...there is a belief that, when talking about the weather, for a given value, Centigrade denotes a more extreme temperature than Fahrenheit – so that the word Centigrade is often used as a reinforcer: "They have to survive in temperatures of 50 or 60 °Centigrade..."  (Gosh, how hot is that?), or "Temperatures commonly reach -20 °Centigrade (Cold or what?).

In the case of weather, in contexts likely to be met by human observers, the rule of thumb Centigrade means more extreme works more often than not.  But we all know (or most us do, anyway) that something happens at -40 °C or F, which inverts the hyperbole: "Temperatures commonly reach -50 °Fahrenheit (Cold or what?) (Just to be clear, -50 deg. Celsius is -58 deg. Fahrenheit.)

In any case, though, (and perhaps in Neil McPherson‘s), the word "Centigrade" may be justified on the grounds that it's just informative and doesn't express any sense of hyperbole. I suspect, though, that anyone doing no more than conveying information would tend to say "Celsius" rather than "Centigrade". So when he said "temperatures below -50 degrees Centigrade are common" I thought the worst.

Anyway, time's wingéd chariot is doing its usual trick. Having sung to a ... not exactly packed church, though  pretty full, last Saturday, I must get learning the German for next month's concert:


PS And here are a couple more clues:
  • Lacedæmonii – (only the extremists) tear strips off, then set free. (8)
  • Showing concern about lines of communication, and getting tooled up. (8)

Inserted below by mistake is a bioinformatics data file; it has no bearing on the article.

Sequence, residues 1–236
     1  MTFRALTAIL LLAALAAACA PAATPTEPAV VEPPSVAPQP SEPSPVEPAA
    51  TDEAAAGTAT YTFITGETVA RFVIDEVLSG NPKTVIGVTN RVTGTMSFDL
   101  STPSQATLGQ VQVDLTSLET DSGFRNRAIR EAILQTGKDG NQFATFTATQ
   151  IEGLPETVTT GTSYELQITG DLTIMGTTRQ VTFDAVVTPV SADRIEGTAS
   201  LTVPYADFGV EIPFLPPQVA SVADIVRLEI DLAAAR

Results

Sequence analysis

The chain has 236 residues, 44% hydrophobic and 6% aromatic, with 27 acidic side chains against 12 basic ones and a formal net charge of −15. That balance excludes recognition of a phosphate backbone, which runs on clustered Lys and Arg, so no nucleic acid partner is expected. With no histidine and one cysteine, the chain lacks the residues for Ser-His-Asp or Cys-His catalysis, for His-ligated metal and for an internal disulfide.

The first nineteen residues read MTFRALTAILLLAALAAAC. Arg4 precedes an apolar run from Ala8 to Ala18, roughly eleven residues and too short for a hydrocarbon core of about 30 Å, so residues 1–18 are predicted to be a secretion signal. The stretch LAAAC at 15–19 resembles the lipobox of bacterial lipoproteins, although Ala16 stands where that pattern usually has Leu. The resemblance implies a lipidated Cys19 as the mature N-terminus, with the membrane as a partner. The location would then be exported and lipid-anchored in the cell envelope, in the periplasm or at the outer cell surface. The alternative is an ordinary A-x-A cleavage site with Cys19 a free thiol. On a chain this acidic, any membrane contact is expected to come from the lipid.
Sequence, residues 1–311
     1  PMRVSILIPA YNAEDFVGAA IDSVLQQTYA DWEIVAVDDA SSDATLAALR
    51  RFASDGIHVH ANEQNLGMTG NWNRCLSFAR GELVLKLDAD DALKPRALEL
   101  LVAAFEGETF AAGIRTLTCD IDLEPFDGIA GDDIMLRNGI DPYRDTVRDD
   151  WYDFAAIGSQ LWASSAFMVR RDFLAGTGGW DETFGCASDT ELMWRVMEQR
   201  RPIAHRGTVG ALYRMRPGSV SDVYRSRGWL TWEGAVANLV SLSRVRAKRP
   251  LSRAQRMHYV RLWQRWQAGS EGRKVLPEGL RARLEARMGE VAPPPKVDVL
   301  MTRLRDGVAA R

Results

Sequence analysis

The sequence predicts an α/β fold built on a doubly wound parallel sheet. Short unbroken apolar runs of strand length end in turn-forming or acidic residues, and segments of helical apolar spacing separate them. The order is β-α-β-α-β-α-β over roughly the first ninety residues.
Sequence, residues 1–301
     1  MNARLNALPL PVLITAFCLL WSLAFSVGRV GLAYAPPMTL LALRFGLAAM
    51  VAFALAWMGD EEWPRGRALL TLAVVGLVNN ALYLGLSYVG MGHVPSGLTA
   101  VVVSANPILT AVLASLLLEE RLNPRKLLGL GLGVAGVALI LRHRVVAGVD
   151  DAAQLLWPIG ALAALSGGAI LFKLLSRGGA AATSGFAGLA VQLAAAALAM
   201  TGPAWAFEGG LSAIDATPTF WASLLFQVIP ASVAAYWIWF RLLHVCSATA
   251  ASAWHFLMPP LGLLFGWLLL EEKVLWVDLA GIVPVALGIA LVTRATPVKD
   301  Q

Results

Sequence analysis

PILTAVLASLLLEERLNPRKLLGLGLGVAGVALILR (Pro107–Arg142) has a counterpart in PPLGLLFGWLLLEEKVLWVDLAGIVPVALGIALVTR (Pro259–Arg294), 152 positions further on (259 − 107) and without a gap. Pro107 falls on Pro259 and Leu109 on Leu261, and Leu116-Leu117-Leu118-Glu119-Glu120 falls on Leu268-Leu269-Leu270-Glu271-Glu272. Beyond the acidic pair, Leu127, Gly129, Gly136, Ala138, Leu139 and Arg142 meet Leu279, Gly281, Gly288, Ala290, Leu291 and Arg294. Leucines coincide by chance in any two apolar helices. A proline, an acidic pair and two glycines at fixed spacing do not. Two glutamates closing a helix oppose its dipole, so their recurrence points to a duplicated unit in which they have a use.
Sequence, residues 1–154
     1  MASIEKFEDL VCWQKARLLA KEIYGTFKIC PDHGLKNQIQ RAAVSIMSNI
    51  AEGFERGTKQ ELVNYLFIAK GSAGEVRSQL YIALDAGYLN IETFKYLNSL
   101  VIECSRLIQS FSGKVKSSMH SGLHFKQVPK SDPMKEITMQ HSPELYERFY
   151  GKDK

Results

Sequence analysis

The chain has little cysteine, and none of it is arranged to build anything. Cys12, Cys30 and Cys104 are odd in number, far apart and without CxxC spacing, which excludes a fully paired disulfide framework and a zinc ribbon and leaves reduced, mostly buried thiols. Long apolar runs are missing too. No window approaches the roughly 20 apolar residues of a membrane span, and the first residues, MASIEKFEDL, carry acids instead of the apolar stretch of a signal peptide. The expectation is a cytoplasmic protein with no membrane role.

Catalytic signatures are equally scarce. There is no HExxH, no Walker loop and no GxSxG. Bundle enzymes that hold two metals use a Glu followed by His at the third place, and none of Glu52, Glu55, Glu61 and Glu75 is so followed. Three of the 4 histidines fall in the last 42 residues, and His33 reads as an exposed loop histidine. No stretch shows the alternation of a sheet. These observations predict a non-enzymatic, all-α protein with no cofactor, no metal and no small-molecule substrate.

Update: 2017.11.14.10:30 – Corrected typo in line 1.

Saturday, 28 October 2017


Gregorio Allegri wrote his Miserere for the service of Tenebrae, to be performed in the Sistine Chapel. The service gets its name from the hour when it's sung – twilight – although the music itself is far from TENEBRAL.
Incidentally, I wonder whether the service of Tenebrae  was already commonly referred to as "Evensong" before the Reformation. I've just watched a fascinating programme on BBC Four: Lucy Worsley's Elizabeth I's Battle for God's Music, that detailed the invention of the service of Evensong based on John Merbecke's setting of the Book of Common Prayer (that's a gross [and possibly mistaken] over-simplification: it was all very confused).

But at the beginning of the programme (8 minutes in), she reads – and points out in the manuscript – an eye-witness account of the dissolution of the monastery of Evesham in 1539. And in that account the monk uses the term Evensong: 

I don't know enough about manuscripts to judge for certain whether  the E is capitalized: the first e of Evensong looks bigger than the second, but smaller than the E of Evesham (in the first hand-written line). It is clearly one word though – which suggests that it was a Thing.
There is a story about Mozart and the secretive Vatican rules that kept the music undocumented – protected, one might say, not so much by copyright but by papa-right.As Wikipedia says:
According to the popular story (backed up by family letters), fourteen-year-old Wolfgang Amadeus Mozart was visiting Rome when he first heard the piece during the Wednesday service. Later that day, he wrote it down entirely from memory, returning to the Chapel that Friday to make minor corrections. Less than three months after hearing the song and transcribing it, Mozart had gained fame for the work and was summoned to Rome by Pope Clement XIV, who showered praise on him for his feat of musical genius and awarded him the Chivalric Order of the Golden Spur on July 4, 1770.
Various embellishments have been added;  "At some point, it became forbidden to transcribe the music" as that article puts it; no wonder that page comes with the stern warning/plea:

The version I was sold at school was "it had never been written down, but Mozart's version, after a second visit to the Sistine Chapel was note-perfect".